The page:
FIG. 5 is a cross sectional schematic of a vertical strained Si/SiGe surface channel nMOSFET with a diffusion barrier layer containing carbon and a composite source comprising a strained silicon layer and a relaxed SiGe layer or poly silicon or poly SiGe layer according to the second embodiment of the present invention.
FIG. 6 is a cross sectional schematic of a vertical strained Si/SiGe buried channel nMOSFET with a diffusion barrier layer containing carbon and a composite source comprising a strained silicon layer and a relaxed SiGe layer or poly silicon or poly SiGe layer according to the third embodiment of the present invention.
FIG. 7 is a cross sectional schematic of a vertical strained SiC/Si surface channel nMOSFET according to the forth embodiment of the present invention.
FIG. 8 is a cross sectional schematic of a vertical strained SiC/Si surface channel nMOSFET with a diffusion barrier layer containing carbon and a composite source region consisting of a strained SiC layer and a relaxed silicon layer or poly silicon or poly SiGe layer according to the fifth embodiment of the present invention.
DETAILED DESCRIPTION OF THE PREFERRED EMBODIMENTS
FIG. 9 is a cross sectional schematic of a vertical strained Si/SiGe surface channel nMOSFET which has a heterojunction at both source and drain junctions according to the sixth embodiment of the present invention.
The lattice spacing of carbon, silicon and germanium are 3.567 Å, 5.431 Å and 5.646 Å, respectively. Biaxial tensile strain exists in pseudomorphic SiC on relaxed Si, or in pseudomorphic Si on relaxed SiGe or Ge substrate, which means the larger lattice spacing in the growth plane (surface) and smaller lattice spacing in the growth direction (normal to the surface) in the pseudomorphic material. On the other hand, compressive strain exists in pseudomorphic SiGe on relaxed Si, or in pseudomorphic Ge on relaxed SiGe, which means the smaller lattice spacing in the growth plane (surface) and larger lattice spacing in the growth direction (normal to the surface) in the pseudomorphic material. Adding a small amount of carbon (<1%) into compressively strained SiGe on relaxed Si can compensate and reduce the strain in SiGe. Strain changes the band structure of the strained material. Therefore, strain may affect the energy band offset, effective mass and density of states. Referring to the drawing, FIG. 1 shows the conduction band and valence band of tensile strained Si1-yCy on relaxed Si buffer layer by curves 4 and 5, respectively. In this case, electrons are confined in the tensile strained Si1-yCy which has high electron mobility, and this material system is suitable for nMOSFETs. Furthermore, FIG. 2 shows the conduction band and valence band of tensile strained silicon on relaxed silicon germanium by curves 6 and 7, respectively. Electrons are confined in the tensile strained silicon which potentially has high electron mobility, and this material system may be suitable for nMOSFETs. With the two material systems, the channel could be a surface channel or a buried quantum well channel. In FIGS. 1-2, the ordinate represents energy and the abscissa represents depth.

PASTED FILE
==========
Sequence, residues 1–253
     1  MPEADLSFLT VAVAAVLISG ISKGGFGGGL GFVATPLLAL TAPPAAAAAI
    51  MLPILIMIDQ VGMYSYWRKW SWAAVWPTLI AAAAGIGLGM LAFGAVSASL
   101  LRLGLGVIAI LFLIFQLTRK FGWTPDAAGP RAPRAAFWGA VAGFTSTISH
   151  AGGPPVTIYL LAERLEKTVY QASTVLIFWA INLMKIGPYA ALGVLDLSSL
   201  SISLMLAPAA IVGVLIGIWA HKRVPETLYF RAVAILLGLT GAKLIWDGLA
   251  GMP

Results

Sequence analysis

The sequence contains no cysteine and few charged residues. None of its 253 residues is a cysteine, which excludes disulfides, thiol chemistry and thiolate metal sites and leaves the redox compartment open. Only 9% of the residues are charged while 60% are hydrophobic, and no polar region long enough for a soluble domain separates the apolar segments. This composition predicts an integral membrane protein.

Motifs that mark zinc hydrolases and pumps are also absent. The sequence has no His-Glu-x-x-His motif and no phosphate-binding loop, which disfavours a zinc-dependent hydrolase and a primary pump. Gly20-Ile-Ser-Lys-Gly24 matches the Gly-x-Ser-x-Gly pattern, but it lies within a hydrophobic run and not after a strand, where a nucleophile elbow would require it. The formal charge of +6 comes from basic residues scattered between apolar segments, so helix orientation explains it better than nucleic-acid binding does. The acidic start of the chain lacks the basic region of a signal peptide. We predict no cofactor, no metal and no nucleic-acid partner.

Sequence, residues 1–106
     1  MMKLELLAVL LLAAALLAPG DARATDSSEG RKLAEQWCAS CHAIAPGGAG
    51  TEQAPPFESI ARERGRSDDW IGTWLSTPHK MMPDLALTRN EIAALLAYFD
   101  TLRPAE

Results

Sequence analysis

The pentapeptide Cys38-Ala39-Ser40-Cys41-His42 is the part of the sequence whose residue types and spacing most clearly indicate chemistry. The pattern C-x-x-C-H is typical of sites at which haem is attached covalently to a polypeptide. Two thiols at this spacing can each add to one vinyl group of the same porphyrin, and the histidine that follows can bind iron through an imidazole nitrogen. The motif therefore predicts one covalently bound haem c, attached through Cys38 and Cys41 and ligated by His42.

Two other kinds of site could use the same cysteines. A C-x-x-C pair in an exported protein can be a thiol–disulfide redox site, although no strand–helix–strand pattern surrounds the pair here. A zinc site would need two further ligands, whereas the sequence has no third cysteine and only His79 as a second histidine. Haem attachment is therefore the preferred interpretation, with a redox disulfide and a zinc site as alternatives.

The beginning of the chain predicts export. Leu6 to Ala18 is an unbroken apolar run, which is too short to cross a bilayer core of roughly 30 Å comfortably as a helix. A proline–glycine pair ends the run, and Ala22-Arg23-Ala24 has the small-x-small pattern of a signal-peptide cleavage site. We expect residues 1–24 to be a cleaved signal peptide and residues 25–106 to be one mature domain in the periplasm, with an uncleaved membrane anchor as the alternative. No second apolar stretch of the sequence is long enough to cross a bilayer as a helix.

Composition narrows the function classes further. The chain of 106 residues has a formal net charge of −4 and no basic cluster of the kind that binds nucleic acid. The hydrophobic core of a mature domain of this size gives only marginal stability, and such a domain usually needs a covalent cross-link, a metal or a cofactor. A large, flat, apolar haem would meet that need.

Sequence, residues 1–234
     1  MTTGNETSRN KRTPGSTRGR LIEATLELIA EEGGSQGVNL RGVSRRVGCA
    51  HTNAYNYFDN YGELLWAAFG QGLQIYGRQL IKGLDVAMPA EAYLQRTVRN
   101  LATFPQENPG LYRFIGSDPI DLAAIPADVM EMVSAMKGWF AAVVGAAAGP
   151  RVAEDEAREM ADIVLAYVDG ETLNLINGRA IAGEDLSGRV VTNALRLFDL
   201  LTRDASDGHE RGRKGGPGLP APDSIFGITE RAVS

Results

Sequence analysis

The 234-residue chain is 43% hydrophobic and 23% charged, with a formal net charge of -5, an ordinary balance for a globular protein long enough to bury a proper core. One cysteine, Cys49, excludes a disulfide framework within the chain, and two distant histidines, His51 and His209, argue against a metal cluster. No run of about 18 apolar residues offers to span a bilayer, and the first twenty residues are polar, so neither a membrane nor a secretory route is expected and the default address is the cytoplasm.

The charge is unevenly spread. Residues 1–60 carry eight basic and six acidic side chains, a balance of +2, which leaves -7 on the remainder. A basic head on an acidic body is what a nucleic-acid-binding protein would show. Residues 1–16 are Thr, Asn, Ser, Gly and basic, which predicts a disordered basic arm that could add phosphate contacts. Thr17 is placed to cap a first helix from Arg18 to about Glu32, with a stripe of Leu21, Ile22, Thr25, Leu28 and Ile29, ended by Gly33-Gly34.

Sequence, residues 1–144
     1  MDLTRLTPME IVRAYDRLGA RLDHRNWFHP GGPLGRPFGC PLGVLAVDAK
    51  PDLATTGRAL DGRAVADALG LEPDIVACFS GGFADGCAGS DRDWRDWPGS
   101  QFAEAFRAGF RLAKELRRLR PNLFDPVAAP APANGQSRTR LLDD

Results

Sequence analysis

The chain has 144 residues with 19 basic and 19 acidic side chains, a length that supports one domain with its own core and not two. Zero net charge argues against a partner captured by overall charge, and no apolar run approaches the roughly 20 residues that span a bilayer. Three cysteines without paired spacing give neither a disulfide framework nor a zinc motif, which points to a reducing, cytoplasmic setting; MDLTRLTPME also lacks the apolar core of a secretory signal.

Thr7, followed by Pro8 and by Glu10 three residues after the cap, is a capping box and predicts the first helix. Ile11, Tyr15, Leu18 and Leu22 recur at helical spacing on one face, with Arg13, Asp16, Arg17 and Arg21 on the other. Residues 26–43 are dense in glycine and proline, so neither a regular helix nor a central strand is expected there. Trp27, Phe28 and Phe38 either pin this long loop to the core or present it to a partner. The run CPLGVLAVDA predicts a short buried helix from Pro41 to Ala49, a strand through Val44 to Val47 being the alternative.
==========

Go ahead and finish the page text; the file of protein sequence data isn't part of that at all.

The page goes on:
shows a top view of a vertical device structure disclosed in this invention. FIG. 4